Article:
The amount of bonds with negative yield in the Eurozone and Nordic countries is higher than $4.5 trillion. The global figure is closer to $9.5 trillion. It is estimated that by the end of 2017, 18% of the Global Government Bond Index will have negative rates.
This means paying to lend to governments.
But, who buys these bonds and why?
Let’s first look at the environment.
“Financial repression” is the term used to identify a period of extremely low interest rates and artificial depreciation of the currency. It is the assault on the saver that involves diluting the value of money and its price with the questionable objective of forcing – hence the word repression – citizens to stop saving, and resume consumption and investment.
The peak of financial repression is real negative rates. Advocates of this practice justify it from the fallacious argument that saving is bad and that what you have to do is force economic agents to spend. If money is worth nothing, consumers will prefer to consume and companies will use their surpluses to invest even if profitability is poor.
However, it does not happen. Because many of these countries have exceeded the debt saturation threshold, with more than 225% of GDP of total public and private debt. Thus, financial repression achieves the opposite of what it intends. More repression, more saving, because economic agents perceive that overcapacity and debt remain as burdens and that the price and quantity of money is artificially manipulated.
Contrary to what the New Keynesians belief, extreme financial repression leads to even more cautious actions by economic agents in the real economy
A period of financial repression such as the present one, leads families and companies to save much more. Preferences remain focused on being conservative in the face of increasing uncertainty.
Why do citizens become more risk averse amidst expansive policies? Why do companies not invest more in the face of low interest rates and extreme liquidity?
Because they do not trust the economic environment and the reality they see differs from the sugar coated central bank-created image. Because the certainty of tax increases and the fragility of economies is not disguised by manipulating the amount and cost of money. Governments that increasingly consume more resources from the real economy make household consumption and private investment a high risk.
So who buys bonds with negative returns?
– Someone who thinks that the stock market and risky assets are going to collapse due to the liquidity saturation of expansionary policies and their low impact in the real economy. Therefore, faced with the possibility of losing 1% in a bond compared to losing, say 20-30% in the stock market or commodities, their preference is obvious.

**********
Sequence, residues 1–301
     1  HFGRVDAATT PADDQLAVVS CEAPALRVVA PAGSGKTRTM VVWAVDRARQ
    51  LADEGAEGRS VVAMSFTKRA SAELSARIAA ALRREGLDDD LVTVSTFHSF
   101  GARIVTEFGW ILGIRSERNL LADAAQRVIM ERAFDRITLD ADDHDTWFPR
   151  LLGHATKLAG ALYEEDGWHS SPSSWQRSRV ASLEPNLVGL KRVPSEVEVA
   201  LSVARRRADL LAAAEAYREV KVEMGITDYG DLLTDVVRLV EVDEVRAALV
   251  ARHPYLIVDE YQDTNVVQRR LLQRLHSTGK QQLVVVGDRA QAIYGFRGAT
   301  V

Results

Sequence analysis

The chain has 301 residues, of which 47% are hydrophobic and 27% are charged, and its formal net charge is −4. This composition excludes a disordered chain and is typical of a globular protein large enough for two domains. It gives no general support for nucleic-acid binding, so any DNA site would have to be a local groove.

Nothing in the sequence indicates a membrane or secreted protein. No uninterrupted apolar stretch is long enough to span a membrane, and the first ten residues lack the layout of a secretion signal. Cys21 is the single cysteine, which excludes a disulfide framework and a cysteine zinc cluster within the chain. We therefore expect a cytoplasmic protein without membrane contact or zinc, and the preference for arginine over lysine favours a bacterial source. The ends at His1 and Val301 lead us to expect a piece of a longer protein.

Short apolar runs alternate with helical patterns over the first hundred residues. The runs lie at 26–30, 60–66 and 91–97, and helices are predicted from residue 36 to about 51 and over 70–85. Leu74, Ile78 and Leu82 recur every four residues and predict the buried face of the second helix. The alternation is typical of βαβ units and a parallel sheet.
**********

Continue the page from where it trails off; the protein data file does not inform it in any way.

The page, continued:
– Those who assume that countries that do not participate in currency wars will see a strong currency relative to the one in which they invest. Say you buy Nordic bonds with negative yields and the local currency strengthens relative to the USD. The bond will be worth more from the currency move.
-Those who think that governments and central banks know how to get into quantitative easing, but have no idea how to get out. For this reason they expect to see further reductions in interest rates and more monetary expansion plans, which will revalue the low risk bonds further.
– Those who analyse these expansionary policies and currency wars and, instead of seeing inflation risk, estimate a greater deflationary probability, as the preferences for consumption and investment will not improve, they may worsen due to the lack of trust in central banks.
In short, contrary to what New-Keynesians believe, extreme financial repression leads to even greater caution -saving and divesting- . Meanwhile, the fragility of economies may increase if disposable income continues to be taxed away.
Financial repression only achieves the opposite of what it seeks to achieve. All it creates are short-term bubbles in risky assets.
Now, inflation is rising, causing a massive loss in nominal and real terms for those who invested in low yield bonds. This will impact pension funds, and at the same time central banks remain behind the curve unable to raise rates and moderate money supply. The recipe for stagflation.
Daniel Lacalle. PhD in Economics and author of “Life in the Financial Markets”, “The Energy World Is Flat” (Wiley) and forthcoming “Escape from the Central Bank Trap”.
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